The Importance Of Talking With Your Subject :: Digital Photo Secrets
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The Importance Of Talking With Your Subject

by David Peterson 2 comments

I’m not one to avoid asking sometimes inappropriate questions. When I was getting my hair cut one day, I thought, why not? I asked the stylist what makes her give someone a bad haircut. I figured people aren’t perfect. Stylists probably mess up on occasion just like everyone else, and I’ve been the recipient of a few of those bad haircuts. I figured if I could get an answer to the question, I might be able to get better haircuts from then on. Her answer kind of surprised me.


She told me she gives people their “worst” haircuts when she’s under the impression that they aren’t comfortable with what she’s doing. Wow. That says a mouthful, and it makes a lot of sense for us photographers who, just like her, have clients that we want to please. From then on, I became way more talkative with the people who cut my hair. I figure by keeping the lines of communication open, they’re more at ease with what they’re doing. Not all silence is awkward, but silence tends to be pretty awkward when you barely know somebody. And guess what? The same holds true when you’re photographing clients or even friends and family. Just keep talking. It makes everyone more at ease.

Shape the Feeling

Aside from making everyone feel more comfortable and natural, you can use your words to shape the feeling of a photograph. When I talk to my subjects, I like to paint a mental picture for them. If they aren’t smiling very strongly, I like to say things to boost their confidence. Even if it’s fake, it doesn’t matter. Merely mentioning someone’s name in conjunction with some kind of success makes them act that way. The pictures are the proof.


A totally un-posed family being themselves.
Nothing fake about this shot at all.

For any number of emotions you want to create, there is something you can say to bring those emotions out. Loneliness, excitement, anger, love, apathy, and the list goes on. When I talk to my subjects, I tell stories involving each of these. And it doesn't have to be true, of course. Movies aren’t “real” either, but someone inevitably leaves the theater in tears.

Subjects To Avoid

It’s just like getting a haircut. If we take the advice of my stylist and use it when photographing our clients, it comes down to this. Don’t give too many instructions or your client will feel like you aren’t comfortable with what’s going on. When you aren’t comfortable, they aren’t comfortable, and thus the downward spiral begins.

I’m not denying how important it is to give your subjects some kind of instruction. It’s just that once it gets a point where you’re positioning their arms and foreheads, you’ve lost any sense of natural emotion and feeling. Ideally, your photography should allow your subjects to reveal who they truly are. You shouldn’t be using it to try and mold your subjects into something you want them to be. There’s a big distinction between the two.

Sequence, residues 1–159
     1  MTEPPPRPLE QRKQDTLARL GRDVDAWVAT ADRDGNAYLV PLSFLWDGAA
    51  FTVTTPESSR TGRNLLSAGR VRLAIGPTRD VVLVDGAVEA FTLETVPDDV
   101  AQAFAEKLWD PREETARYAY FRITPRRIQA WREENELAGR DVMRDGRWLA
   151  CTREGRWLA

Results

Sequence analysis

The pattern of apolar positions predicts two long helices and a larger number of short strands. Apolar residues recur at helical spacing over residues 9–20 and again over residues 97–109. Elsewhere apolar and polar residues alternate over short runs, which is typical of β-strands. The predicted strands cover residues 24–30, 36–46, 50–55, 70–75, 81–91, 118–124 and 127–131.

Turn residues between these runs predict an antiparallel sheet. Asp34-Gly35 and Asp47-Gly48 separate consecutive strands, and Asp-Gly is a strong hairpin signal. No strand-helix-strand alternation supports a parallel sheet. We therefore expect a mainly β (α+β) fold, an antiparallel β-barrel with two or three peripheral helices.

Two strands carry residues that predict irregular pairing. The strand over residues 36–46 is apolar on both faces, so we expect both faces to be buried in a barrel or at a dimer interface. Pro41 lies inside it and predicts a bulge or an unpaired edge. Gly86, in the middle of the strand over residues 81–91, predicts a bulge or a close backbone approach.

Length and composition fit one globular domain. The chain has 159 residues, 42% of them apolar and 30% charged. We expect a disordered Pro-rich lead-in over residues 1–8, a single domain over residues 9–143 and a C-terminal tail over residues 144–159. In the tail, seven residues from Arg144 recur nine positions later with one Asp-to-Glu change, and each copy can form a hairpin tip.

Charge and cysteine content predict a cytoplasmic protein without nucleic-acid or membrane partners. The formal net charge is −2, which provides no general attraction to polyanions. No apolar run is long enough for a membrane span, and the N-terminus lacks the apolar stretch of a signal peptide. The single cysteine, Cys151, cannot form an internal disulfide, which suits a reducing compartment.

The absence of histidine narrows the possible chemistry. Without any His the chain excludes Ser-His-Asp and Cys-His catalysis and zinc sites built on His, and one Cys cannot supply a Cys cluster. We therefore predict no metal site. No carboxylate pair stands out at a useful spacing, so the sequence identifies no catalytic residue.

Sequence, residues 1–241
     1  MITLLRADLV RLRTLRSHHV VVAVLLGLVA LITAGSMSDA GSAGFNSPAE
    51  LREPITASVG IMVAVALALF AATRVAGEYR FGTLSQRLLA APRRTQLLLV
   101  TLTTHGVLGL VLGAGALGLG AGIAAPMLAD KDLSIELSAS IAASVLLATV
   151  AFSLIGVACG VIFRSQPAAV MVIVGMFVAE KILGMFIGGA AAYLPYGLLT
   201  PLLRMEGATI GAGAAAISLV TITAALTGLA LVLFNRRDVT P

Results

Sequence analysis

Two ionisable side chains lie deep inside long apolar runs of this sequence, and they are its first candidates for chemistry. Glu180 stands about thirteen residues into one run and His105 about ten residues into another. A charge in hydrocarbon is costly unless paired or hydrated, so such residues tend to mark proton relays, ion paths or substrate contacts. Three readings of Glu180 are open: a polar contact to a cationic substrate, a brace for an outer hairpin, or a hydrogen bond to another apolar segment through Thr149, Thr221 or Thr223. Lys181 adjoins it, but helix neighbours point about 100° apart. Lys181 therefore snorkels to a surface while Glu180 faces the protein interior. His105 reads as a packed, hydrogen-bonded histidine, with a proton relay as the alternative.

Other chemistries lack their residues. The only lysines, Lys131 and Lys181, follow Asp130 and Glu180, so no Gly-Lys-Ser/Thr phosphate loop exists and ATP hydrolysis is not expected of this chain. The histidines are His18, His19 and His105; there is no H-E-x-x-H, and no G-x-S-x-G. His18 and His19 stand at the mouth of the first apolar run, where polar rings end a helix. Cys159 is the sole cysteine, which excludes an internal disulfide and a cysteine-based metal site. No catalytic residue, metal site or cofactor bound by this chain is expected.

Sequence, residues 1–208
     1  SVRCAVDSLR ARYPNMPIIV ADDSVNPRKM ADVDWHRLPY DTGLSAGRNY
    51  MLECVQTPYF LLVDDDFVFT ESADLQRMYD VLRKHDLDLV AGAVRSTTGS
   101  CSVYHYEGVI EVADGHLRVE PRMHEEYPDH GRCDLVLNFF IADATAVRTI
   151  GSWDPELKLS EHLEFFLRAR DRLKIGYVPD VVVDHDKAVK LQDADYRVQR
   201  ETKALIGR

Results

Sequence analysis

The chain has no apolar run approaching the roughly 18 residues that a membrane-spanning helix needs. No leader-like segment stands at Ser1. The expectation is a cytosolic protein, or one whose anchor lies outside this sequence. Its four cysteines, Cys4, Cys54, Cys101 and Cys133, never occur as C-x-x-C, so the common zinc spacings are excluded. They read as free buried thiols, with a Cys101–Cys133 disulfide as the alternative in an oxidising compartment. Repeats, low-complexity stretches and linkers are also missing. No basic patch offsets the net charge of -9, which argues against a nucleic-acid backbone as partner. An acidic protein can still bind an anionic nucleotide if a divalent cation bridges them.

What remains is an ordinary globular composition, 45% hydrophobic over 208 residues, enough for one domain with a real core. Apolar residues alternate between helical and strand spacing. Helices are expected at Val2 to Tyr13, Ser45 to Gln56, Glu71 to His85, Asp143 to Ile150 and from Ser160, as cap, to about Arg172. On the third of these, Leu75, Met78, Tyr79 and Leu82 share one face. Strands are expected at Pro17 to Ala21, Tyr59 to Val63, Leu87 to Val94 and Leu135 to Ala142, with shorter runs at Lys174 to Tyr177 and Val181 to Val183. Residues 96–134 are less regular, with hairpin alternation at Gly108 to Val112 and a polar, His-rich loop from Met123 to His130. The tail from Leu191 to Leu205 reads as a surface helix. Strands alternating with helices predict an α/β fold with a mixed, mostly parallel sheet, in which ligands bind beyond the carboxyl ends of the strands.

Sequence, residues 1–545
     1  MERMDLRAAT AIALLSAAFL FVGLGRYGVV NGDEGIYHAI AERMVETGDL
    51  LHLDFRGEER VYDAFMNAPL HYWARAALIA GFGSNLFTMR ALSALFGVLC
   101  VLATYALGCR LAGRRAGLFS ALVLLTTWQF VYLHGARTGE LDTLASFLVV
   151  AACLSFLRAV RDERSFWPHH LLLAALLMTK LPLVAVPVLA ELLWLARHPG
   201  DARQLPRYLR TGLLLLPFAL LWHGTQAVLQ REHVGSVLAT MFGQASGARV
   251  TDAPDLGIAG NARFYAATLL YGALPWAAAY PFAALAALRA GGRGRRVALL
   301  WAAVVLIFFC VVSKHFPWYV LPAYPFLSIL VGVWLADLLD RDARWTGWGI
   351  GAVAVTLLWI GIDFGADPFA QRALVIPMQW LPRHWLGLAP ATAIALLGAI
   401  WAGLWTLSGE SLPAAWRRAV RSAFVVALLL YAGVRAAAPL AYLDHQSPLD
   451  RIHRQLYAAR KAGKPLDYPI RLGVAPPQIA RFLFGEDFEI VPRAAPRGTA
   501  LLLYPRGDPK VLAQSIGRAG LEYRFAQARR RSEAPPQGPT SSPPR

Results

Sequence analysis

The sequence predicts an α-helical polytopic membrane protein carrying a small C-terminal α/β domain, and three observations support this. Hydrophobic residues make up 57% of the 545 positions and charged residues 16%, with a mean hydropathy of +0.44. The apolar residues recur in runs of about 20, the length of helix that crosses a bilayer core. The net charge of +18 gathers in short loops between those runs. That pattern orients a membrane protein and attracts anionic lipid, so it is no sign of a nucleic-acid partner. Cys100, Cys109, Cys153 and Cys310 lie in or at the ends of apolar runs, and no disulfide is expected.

Besides, nobody likes a big bossy person anyway. They get enough of that in their lives. When you’re taking someone’s picture, it’s really their moment. Talk to them like you’d talk to a friend, and try to capture them when they’re least expecting it. That’s when the real emotion comes out.


Fashion photographers would be nowhere without comfortable subjects. Communication is key.

With communication comes comfort. It doesn’t have to be meaningful communication. It just needs to be present. Sometimes I talk about really important stuff with my subjects. Sometimes I talk about some dumb T.V. show I like. In the end, it doesn’t matter. As long as we’re communicating something, I know that when there’s a certain level of comfort, my subjects look their best!

So keep talking to your friends, your family, and your photography clients. It’s the one thing you should be doing more of.

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Comments

  1. Dub says:

    This is great advice that so many of us fail to use regularly to our advantage. We incorrectly assume that knowledge of our expertise will put our clients at ease, when too often that rather creates distance rather than promotes intimacy. Remembering to chat can go a long way toward creating a context for people to be themselves. Thanks for reminding me of this.

  2. Cathy says:

    This is great advice, David. Especially the part about too many instructions causing a loss of confidence and a downward spiral!

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